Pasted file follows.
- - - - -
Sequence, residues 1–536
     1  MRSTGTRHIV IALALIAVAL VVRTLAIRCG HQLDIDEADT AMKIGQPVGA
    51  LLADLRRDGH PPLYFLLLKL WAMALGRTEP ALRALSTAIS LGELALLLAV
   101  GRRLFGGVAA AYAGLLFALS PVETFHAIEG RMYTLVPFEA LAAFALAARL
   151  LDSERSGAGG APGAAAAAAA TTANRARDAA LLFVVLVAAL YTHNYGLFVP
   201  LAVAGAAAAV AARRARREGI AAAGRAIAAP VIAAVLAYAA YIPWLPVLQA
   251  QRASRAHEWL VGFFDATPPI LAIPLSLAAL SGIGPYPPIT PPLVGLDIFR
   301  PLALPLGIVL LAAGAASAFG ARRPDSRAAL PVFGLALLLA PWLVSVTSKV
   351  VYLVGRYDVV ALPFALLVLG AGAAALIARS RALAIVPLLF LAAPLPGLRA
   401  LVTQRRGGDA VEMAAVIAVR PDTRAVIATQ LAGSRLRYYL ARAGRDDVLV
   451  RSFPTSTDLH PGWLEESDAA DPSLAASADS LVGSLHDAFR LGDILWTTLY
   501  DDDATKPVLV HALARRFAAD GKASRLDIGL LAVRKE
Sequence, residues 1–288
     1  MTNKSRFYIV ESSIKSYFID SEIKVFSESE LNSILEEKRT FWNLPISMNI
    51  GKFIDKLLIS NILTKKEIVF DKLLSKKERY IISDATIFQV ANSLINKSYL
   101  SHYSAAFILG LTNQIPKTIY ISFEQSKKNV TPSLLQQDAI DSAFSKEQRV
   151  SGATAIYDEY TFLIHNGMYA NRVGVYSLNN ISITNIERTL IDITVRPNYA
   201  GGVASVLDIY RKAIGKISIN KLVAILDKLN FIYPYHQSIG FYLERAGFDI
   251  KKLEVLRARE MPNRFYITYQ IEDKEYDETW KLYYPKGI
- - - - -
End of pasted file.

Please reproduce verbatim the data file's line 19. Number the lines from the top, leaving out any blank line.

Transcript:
   251  KKLEVLRARE MPNRFYITYQ IEDKEYDETW KLYYPKGI